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From Products Liability Law Daily, November 10, 2014

Baby formula maker’s challenge to appellate court standard for “Daubert” rulings denied

By Pamela C. Maloney, J.D.

A baby formula maker’s petition for review of a decision by the U.S. Court of Appeals for the Eighth Circuit which held that a Minnesota district court abused its discretion in excluding the testimony of experts testifying for the guardian ad litem of an infant who developed a bacterial infection which resulted in brain damage allegedly as a result of ingesting the formula has been denied by the U.S. Supreme Court (Mead Johnson & Co., LLC v. Johnson, Docket No. 14-365, cert. denied November 10, 2014).

Background. In support of the products liability action against the manufacturer, the infant’s guardian ad litem presented testimony by three experts to prove that the infant’s C. sak infection was caused by ingestion of the baby formula. The trial court excluded the experts because their testimony did not sufficiently “rule out” other possible causes of the C. sakcontamination. On appeal, the Eighth Circuit (sub nom. Johnson v. Mead Johnson & Co., LLC.) reversed that decision, finding that the district court violated the liberal admission standards of Daubert v. Merrell Dow Pharmaceuticals, Inc., 509 U.S. 579 (1993), and Rule 702 by resolving doubts in favor of keeping the experts’ testimony out and relying upon its own assessment of the correctness of the expert opinions. By doing so, the appellate court said, the trial court disallowed the adversarial process to work.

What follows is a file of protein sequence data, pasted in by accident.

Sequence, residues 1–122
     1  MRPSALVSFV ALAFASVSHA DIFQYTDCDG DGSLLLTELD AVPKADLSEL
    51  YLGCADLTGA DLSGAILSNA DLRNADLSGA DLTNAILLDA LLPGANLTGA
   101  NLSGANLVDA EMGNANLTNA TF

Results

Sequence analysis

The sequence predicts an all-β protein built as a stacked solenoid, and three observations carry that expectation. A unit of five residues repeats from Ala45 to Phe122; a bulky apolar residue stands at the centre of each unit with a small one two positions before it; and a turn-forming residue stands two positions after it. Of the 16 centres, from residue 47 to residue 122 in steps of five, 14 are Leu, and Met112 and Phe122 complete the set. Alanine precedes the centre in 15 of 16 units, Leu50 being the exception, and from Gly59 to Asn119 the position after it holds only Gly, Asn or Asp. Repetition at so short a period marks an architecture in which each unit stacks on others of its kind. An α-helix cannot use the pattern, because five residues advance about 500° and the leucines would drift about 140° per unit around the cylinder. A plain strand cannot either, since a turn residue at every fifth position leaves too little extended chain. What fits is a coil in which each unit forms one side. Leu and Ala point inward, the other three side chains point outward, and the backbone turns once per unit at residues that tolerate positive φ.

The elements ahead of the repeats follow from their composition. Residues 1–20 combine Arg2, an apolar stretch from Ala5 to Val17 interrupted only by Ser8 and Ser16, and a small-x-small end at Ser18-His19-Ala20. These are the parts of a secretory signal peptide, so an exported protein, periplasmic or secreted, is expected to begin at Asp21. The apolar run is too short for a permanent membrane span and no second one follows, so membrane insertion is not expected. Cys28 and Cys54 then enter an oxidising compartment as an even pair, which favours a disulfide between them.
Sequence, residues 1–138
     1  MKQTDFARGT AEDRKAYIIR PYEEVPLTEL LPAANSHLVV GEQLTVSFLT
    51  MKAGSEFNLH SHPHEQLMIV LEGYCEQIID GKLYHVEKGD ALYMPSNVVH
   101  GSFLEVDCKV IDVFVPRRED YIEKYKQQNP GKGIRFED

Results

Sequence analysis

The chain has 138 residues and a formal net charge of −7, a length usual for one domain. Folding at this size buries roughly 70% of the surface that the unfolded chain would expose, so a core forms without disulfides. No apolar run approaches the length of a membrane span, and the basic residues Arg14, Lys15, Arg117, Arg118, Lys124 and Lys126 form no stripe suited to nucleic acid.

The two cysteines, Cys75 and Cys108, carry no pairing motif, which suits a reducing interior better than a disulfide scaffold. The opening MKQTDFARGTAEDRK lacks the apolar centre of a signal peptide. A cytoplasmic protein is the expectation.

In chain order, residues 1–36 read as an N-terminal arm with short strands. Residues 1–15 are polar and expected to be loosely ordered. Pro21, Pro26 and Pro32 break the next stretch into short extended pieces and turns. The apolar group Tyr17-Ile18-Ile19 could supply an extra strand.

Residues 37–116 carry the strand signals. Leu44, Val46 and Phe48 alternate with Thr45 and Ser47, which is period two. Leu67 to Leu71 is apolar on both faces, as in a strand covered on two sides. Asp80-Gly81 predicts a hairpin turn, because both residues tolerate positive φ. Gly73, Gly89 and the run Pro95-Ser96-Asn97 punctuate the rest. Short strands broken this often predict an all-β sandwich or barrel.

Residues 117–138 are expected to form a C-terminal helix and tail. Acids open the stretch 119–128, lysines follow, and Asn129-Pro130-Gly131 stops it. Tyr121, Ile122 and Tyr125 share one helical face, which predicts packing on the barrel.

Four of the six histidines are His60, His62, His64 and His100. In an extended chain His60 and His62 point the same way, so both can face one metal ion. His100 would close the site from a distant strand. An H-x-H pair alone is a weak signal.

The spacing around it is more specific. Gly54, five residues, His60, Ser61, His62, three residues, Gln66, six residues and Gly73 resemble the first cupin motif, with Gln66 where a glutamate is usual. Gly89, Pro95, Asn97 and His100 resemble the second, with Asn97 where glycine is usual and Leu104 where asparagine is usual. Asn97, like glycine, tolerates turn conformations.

Mead Johnson had presented two questions for High Court consideration: (1) Did Rule 702 so liberalize federal law on the admission of expert opinion testimony that appellate courts must rigorously scrutinize district court orders excluding such testimony, resolving all doubts in favor of reversal? and (2) Is a district court required, when exercising its Daubertgatekeeper role, to admit expert causation testimony when the expert has failed to use reliable methodology, reliably applied, to rule out any alternative causes for plaintiff’s injuries?

The case is Docket No. 14-365.

Companies: Mead Johnson & Co., LLC

MainStory: TopStory SupremeCourtNews BabyProductsNews ExpertEvidenceNews

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